Reddit for academics

I’ve finally figured out reddit, and it’s a great tool for academics. You should really give it a try.

Over the past few years I’ve dabbled in reddit, failing to really ‘get it’. I thought it was just a place for silly GIFs and celebrity AMAs (Ask Me Anything), but I was wrong. It’s a place to share links to interesting internet stuff, but more importantly it’s a place where these links can be discussed. So if like me you’ve tried it before and failed to grasp it, or if you fancy giving it a go, here’s my suggested route in.

  1. Read this.
  2. Sign-up. Choose a username. You can remain anonymous if you wish.
  3. Go to and unsubscribe from any stupid subreddits to which you’ve been automatically subscribed.
  4. Go and find some subreddits to join. For academics I suggest academicpublishing, DepthHub and Scholar. And if you’re a fellow health economist, try academiceconomics, Economics, healthcare and HealthEconomics.
  5. Have a look at your homepage. By this stage it should be full of articles that interest you. Follow the links. Vote-up the ones you like. Join the discussion by commenting on them.
  6. Take a look at your preferences. They can alter the experience somewhat.
  7. Head over to to find more subreddits you might like.
  8. If you use Chrome, download the reddit companion.
  9. Start submitting your own links and comments to subreddits and watch the discussion unfold. You can submit links to academic papers, blogs, silly pictures… whatever you like!

A word of warning. DO NOT use reddit exclusively as a means of self-promotion. You will be Shadow Banned, as I have been. Stick to the rule of thumb of no more than 1 in 10 of your link submissions being some way self-promotional. The number of links you can submit is, in some secretive way, defined by your ‘karma’. You get karma by posting links and comments that other people like. Just be helpful and nice and you won’t fall foul of the reddiquette police.

Contradictions in privacy

In the xkcd comic, I’d be the nihilist; I don’t attach much value to my own privacy. Regardless of whether or not I choose to enforce it, I should have the right to privacy. But people who do wish to enforce their right unfortunately find themselves in the minority, and this is a problem. Because the vast majority of people are like me and will happily share their photos with Facebook, their internet history with Google and absolutely everything with the NSA (whoever they are), the maintenance of privacy is made almost impossible.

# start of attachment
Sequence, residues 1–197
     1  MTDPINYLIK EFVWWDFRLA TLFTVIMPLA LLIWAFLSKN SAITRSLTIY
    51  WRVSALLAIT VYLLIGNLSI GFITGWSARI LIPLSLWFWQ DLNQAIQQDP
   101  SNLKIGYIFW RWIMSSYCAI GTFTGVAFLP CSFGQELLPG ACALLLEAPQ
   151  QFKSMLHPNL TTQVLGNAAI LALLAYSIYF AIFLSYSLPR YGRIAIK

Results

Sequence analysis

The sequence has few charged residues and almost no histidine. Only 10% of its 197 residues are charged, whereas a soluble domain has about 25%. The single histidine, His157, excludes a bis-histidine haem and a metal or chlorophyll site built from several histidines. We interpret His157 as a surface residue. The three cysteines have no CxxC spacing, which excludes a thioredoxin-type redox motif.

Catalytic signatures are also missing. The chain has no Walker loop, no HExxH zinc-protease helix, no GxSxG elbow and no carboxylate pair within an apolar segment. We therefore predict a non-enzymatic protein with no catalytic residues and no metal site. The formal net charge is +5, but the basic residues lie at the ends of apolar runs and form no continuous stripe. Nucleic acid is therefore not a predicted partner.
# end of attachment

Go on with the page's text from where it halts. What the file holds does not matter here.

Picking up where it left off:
Though I’m not willing to expend much time or effort maintaining my own privacy (and it appears I’m not the only one), I do still have concerns about the erosion of privacy more generally and the apathy of people like me. See the TED talk at the bottom of this page for some good reasons. In the UK, 62% of internet users use FacebookYou needn’t be a crypto nut to know that using Facebook is a very efficient way to forego your right to privacy. If people wish to engage in activities that the majority of the population does, like join Facebook or use a mobile phone, they are given little choice but to jeopardise their own privacy. Many internet companies depend heavily on the use of our data, and because the majority of people are willing to share their data freely, the companies needn’t offer individuals the option to maintain a good level of privacy. But what would a life be like without Google or Apple or Microsoft or Facebook? Great, probably, but that’s not the point. People value these services and much of modern life depends on them. It’s easy to see how maintaining one’s privacy could result in social exclusion and have implications for one’s career. Why should we have to become the savage to save our right to privacy?